The Chicago Rippers
Holmes designed a "murder castle" that was a three-story hotel-like structure that included soundproof sleeping chambers with peepholes, asbestos-padded walls, gas pipes, sliding walls, and vents that Holmes controlled from his bedroom. The building had secret passages, hallways that went in circles, false floors, rooms with torture equipment, and a specially equipped operating room. There were also greased chutes that emptied into a cellar, where he had placed a very large furnace.
Finally caught after killing a man in Philadelphia, he was convicted of murder and on May 7, 1896, taken to the hangman's noose. He now stands as one of the most fiendish killers in American history.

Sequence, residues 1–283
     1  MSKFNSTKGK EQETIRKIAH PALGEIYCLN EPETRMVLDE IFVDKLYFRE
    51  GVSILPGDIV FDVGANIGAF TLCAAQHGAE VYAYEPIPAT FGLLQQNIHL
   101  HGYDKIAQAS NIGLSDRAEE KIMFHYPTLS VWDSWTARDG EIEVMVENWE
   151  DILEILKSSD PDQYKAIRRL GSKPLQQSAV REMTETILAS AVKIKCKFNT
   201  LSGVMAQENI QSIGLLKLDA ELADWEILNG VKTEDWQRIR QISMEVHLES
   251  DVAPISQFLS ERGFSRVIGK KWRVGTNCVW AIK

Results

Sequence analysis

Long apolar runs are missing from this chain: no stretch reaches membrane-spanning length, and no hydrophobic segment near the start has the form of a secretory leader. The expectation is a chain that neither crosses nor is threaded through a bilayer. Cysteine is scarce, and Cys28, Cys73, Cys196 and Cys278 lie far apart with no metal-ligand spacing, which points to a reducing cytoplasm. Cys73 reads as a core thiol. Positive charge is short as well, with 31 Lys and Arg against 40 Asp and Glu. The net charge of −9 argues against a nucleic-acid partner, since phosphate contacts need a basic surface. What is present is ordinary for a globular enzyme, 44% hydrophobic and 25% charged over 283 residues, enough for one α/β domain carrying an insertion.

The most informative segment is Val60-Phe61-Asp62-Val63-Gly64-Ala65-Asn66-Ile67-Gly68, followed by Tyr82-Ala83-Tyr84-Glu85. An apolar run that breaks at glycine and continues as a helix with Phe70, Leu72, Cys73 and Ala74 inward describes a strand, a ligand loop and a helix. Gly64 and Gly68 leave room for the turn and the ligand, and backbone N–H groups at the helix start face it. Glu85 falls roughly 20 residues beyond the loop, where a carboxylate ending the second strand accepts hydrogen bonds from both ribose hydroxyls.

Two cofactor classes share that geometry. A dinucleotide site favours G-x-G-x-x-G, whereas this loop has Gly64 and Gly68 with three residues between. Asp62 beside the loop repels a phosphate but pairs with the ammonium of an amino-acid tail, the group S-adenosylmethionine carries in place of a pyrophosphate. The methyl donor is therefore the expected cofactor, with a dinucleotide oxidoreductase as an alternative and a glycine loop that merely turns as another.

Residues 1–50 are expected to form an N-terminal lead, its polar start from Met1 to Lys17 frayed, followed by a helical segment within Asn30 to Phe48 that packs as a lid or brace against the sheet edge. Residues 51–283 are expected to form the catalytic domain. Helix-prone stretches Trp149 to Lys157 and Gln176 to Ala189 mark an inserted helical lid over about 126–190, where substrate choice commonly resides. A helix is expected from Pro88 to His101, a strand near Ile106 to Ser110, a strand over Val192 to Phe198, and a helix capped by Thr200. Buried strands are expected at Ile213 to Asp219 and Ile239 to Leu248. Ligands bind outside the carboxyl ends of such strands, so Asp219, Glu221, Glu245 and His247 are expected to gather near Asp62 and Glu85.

Just over three decades later, in December 1979, police in the Chicago suburb of Des Plaines followed a man they believed had abducted a missing boy and quickly learned that prominent businessman John Wayne Gacy had secrets to hide: while he performed as a clown for children in the hospital and threw block parties for neighbors, he also lured young men to his home to strangle, rape, and kill them. He buried twenty-eight in his crawl space, explaining the terrible odor to neighbors as "septic fumes," and then tossed five more victims into the Des Plaines River. The case riveted America as sets of remains were removed from his home, one by one. The final official tally of Gacy's victims was 33. He was convicted of first-degree murder and received the death penalty, although there were times when he tried to blame some of the men who had worked for him. One of those men was Robin Gecht.